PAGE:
Friday, October 23rd, 2020

Shawn Mendes – Wonder

I heard his next single is in fact called “Please Take Me Seriously.”


Juana Giaimo: “Wonder” seems to scream “Please, take me seriously,” with lyrics that are about finding it difficult to express himself, toxic masculinity, the fear of losing friends, what it’s like to be loved and also how the world is a hard place to live in (yes, all that in one song). For some reason, he thought he wasn’t being melodramatic enough so he also added a backing choir. 

Scott Mildenhall: Almost wonderful, but that bit too incohesive for a smooth ascent to the heights it desires. The lyrics are as on-the-nose as could be expected, but that doesn’t come at the cost of craft: the “hands”/”man” couplet shows that the broadest of brushes can still stroke with elegance. Bold, quasi-spiritual ballads can be fun, and so can the kilter-shake of uncomplicated pop. “Wonder” grapples for both, and for the most part they’re in hand.

Michael Hong: The problem is that we’ve sat through enough horny collaborations, tabloid drama, and even an album titled Romance, that second-guessing Shawn Mendes and Camila Cabello’s relationship isn’t really possible. The chorus swallows everything up and every other question is drowned out by its main one. Sure, most of those were generic in their relatability, while others are built on false premises, but at least they were worth trying to answer.

Thomas Inskeep: He used to be John Mayer for teenage girls: annoying, easy to ignore. But now he’s moved into bombastic Jim Steinman territory, but without good songs.

William John: I’m not sure arena rock suits Shawn Mendes best; I prefer “Lost In Japan” and its airy, Phoenix-like shuffle, or even something with the manic urgency of “There’s Nothing Holding Me Back.”  He’s bogged down by a drab chorus here, and his words seem like they’re plagiarised from any given 2012 Tumblr post, stylised in a typewriter font.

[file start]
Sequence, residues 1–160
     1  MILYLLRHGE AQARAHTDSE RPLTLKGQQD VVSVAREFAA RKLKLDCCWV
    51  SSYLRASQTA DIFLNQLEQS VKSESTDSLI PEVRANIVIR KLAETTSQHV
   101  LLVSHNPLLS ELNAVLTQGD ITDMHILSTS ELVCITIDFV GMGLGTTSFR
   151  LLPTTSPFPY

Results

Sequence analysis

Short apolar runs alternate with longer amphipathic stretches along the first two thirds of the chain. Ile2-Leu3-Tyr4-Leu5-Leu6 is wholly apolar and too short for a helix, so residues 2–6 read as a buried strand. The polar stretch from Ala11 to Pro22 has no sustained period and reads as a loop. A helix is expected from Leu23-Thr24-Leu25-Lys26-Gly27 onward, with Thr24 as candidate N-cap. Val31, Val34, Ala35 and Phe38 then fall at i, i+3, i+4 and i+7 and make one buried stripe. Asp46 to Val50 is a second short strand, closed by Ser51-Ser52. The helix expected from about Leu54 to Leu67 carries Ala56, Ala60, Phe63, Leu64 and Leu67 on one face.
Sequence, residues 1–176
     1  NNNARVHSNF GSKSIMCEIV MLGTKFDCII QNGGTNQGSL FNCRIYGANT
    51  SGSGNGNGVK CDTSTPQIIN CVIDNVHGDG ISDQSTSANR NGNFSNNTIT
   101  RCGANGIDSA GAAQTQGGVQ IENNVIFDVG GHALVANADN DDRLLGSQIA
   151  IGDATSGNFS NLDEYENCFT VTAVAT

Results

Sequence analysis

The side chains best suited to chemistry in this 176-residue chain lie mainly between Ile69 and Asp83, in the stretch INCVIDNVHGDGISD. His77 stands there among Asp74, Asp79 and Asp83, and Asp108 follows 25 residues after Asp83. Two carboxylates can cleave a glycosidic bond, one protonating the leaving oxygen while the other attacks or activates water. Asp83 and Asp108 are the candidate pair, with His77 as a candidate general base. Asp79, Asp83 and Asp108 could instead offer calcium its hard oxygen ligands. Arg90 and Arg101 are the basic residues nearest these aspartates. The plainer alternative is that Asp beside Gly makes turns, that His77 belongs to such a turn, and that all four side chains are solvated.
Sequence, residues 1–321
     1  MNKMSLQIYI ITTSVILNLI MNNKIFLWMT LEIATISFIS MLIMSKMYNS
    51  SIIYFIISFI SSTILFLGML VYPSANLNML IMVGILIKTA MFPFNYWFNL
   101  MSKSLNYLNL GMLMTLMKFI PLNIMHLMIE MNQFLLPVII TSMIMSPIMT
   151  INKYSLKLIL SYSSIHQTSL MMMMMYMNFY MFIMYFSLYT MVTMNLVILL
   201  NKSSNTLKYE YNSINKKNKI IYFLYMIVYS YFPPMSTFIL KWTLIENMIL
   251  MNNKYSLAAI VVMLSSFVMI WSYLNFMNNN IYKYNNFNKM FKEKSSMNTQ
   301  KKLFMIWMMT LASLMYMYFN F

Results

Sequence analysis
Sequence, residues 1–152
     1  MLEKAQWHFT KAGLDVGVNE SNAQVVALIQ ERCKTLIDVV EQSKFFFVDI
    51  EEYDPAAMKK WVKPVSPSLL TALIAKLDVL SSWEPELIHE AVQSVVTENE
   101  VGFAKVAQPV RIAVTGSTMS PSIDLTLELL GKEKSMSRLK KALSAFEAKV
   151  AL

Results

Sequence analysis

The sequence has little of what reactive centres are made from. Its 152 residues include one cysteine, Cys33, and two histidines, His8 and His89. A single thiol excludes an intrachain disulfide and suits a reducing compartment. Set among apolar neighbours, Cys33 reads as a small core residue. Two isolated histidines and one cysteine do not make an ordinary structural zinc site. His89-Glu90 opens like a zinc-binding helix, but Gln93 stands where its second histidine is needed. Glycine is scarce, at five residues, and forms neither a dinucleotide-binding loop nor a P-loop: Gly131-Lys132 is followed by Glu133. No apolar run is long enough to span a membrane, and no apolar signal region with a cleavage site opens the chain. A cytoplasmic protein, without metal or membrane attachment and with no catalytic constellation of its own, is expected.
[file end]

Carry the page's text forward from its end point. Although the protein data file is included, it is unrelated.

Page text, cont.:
Tim de Reuse: You’re conditioned to feel less like a man when you cry into your hands, huh? A calculated, lukewarm sentiment, barely connected to the rest of the song, surrounded by self-congratulatory bombast. How obnoxious it is to celebrate the act of wonder in the abstract, especially when your canvas is another quiet-loud-quiet-loud Imagine Dragons situation — come back when you can string your delicate profundities into a coherent throughline.

Jackie Powell: Lyrically there’s a lot going on in “Wonder.” Is this a song where Shawn Mendes reflects on the life he’s created for himself, assessing its costs and convolutions, or is this a love letter to Camila Cabello? I guess it’s both, but the story arc is less fluid in it’s transition from theme one (the verses) to theme two (the choruses). He took a similar approach with “In My Blood,” the lead single of his previous self-titled record. But “Wonder” feels a little bit scattered and less connected. Even in the overwhelmingly cinematic music video treatment for this track where Mendes hops from a Harry Potter inspired train to the middle of a forest and then on top of a cliff adjacent to a geyser, this feels forced and disjointed. I understand what he’s going for here: another vulnerable stadium anthem power ballad that soars in a Coldplay or Kings of Leon-ish way. Teddy Geiger co-wrote a better song with Mendes that had the same exact goal. In his half of a decade career, Mendes has proved how he differs from his peers who began on the internet. But, I just don’t know if the composition and final product of “Wonder” advances his development. Do we learn anything new here besides a tiny bit more about his love for Cabello? It doesn’t show us evolution, but maybe his Netflix documentary will? But that too doesn’t seem as focused as it could be. Although, I’ll give Mendes and Scott Harris this: I appreciate the melody of the lyrics “right before I close my eyes/The only thing that’s on my mind/Been dreaming that you feel it too” is sung in thirds. It creates an apogee on the track, but I walk away still wondering if I’ve indeed heard this too.

Alfred Soto: With the conviction of a showbiz hoofer who knows about life through other songs, Shawn Mendes creaks like a worn floorboard from the effort of convincing listeners that crying makes him less a man.

Brad Shoup: In 2020, a soaring piano ballad the begins and ends with stirring choral arrangements gets out in under three minutes. That’s a mid-oughts Sufjan move. I half expected Kanye to wander in for eight bars of profundity, right before a Westward lurch: the drummer leans into it; a scream echoes from the Negative Zone. One or six more minutes would do the trick. 

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